I think it's a matter of perspective, with a perhaps a bit of C-programmer conceit thrown in.
C's strong point was primarily that it was a 'high level assembler language'. It let one manipulate the underlying hardware while not having to bother with some of the details of a native assembler and not being tied to a particular instruction set. Understanding the hardware is, indeed, an important part of writing in assember or other languages which map closely to a particular hardware instruction set.
One still needs to understand the constraints of the execution environment in higher level languages. These days, however, that is often a virtual machine rather than a physical one.
Java programmers, for instance, have little need to understand the hardware they're running on, but can benefit from knowledge of the Java Runtime Environment. The JRE is to Java what the hardware is to C.
Programmers using a functional language have almost no need to understand the underlying hardware except in general terms.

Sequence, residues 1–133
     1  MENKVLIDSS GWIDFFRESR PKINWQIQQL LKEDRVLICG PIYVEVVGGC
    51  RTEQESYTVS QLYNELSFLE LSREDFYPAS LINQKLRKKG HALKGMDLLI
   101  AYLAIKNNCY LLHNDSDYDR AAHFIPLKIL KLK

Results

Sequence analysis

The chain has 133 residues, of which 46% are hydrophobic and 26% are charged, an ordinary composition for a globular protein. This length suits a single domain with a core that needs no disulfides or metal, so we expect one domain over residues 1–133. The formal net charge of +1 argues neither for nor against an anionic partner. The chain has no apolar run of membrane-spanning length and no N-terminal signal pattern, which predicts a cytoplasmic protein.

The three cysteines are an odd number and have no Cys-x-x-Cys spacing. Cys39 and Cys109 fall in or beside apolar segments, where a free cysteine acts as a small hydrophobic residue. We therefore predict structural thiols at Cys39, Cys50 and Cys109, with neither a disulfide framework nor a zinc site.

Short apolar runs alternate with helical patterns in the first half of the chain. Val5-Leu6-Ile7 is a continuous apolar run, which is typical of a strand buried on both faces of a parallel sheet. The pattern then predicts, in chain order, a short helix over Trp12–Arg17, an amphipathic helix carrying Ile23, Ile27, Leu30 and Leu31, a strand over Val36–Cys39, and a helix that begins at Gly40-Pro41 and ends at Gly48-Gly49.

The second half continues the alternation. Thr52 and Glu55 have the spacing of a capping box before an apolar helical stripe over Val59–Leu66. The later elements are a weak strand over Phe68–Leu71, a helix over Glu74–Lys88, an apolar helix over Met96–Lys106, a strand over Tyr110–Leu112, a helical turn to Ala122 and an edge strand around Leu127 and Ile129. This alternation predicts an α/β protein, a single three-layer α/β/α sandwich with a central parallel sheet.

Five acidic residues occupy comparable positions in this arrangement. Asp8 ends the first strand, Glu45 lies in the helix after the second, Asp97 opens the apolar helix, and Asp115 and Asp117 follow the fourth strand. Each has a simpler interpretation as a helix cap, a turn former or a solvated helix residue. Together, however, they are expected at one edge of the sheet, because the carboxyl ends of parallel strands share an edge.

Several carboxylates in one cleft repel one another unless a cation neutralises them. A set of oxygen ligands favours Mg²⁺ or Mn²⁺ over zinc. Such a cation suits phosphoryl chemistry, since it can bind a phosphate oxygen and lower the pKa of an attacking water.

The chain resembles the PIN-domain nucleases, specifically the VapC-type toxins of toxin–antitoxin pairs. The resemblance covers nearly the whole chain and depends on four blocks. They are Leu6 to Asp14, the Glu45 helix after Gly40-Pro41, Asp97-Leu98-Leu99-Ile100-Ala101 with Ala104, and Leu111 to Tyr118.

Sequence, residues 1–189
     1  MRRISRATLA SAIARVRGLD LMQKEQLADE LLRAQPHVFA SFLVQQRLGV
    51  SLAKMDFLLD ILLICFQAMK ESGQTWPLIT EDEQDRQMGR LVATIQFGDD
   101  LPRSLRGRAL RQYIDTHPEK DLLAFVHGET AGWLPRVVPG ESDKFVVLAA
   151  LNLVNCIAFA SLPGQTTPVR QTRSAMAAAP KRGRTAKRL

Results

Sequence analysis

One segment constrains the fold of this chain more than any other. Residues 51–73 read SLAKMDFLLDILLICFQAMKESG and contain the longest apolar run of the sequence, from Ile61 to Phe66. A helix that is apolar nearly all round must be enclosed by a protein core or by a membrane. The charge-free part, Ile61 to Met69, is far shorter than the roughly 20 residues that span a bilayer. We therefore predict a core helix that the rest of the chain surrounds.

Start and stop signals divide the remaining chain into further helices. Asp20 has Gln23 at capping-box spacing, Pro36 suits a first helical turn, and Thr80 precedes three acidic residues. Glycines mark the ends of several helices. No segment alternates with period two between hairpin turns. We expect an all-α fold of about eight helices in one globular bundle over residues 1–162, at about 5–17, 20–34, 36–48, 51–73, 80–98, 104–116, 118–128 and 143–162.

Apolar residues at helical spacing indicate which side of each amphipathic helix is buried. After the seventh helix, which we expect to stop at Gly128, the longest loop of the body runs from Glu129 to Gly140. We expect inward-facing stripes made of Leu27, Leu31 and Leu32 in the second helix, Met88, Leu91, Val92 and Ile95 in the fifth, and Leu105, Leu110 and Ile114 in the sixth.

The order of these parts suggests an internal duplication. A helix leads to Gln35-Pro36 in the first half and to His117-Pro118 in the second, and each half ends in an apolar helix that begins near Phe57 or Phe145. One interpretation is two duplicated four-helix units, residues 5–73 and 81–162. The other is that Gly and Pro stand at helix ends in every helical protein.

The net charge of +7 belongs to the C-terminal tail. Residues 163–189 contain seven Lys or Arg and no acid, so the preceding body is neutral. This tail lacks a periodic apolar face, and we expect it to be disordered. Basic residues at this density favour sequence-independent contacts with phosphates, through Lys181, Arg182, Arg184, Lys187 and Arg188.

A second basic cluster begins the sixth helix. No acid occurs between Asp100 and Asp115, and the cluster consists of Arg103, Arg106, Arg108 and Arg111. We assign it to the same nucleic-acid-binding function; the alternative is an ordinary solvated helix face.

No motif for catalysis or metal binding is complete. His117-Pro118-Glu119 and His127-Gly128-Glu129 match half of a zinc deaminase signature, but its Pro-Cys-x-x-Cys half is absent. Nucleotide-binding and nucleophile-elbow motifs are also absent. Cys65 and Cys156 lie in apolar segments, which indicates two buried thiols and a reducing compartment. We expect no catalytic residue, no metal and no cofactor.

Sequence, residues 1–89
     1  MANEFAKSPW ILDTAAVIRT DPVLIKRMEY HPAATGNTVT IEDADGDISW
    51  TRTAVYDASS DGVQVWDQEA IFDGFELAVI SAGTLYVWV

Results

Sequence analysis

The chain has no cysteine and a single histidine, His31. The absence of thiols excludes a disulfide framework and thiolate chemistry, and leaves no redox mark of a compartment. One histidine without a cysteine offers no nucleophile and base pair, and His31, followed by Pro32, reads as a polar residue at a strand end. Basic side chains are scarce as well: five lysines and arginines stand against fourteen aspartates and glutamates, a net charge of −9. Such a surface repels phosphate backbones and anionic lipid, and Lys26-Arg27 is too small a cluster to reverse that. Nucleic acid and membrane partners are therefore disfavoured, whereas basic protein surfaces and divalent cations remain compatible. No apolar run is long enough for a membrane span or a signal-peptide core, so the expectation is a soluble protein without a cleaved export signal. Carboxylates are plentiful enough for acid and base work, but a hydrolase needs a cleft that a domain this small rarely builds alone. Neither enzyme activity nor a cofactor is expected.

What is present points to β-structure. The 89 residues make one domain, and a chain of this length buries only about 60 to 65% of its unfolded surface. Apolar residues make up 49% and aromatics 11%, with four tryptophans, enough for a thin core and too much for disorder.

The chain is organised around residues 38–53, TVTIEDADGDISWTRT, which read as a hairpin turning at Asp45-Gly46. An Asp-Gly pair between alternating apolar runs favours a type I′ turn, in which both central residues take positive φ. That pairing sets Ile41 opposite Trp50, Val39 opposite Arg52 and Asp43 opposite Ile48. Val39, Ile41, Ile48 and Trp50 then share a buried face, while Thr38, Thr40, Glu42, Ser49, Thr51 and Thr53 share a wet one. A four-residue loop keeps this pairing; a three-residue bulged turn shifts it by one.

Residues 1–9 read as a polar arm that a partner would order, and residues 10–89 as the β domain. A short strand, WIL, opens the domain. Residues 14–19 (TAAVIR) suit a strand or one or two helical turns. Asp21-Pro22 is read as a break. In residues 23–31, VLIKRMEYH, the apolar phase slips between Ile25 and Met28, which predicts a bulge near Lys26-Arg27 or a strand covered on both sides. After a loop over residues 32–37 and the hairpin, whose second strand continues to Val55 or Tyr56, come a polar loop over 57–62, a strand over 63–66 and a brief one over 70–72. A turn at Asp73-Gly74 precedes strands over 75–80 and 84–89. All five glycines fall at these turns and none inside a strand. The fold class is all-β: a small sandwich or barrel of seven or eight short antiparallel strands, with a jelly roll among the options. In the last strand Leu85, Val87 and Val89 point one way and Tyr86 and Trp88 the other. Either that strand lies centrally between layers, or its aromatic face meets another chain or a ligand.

Most commercial quality compilers are quite good optimizing code for their target, whether virtual or real. As long as the code is reasonable well structured, the compiler will take care of best use of the target resources (e.g. register vs. memory ops on hardware, load/store sequencing, etc). Modern CISC processors will also reorder instructions in the pipeline.
So... I guess the point of all this is to say that, yes, it can be helpful to understand your target environment when using certain languages, but it's more important to understand the problem at hand and the tools (languages, algorithms, non-computer solutions) available to solve it.
And yes, Premature Optimization is t3h 3vil ;)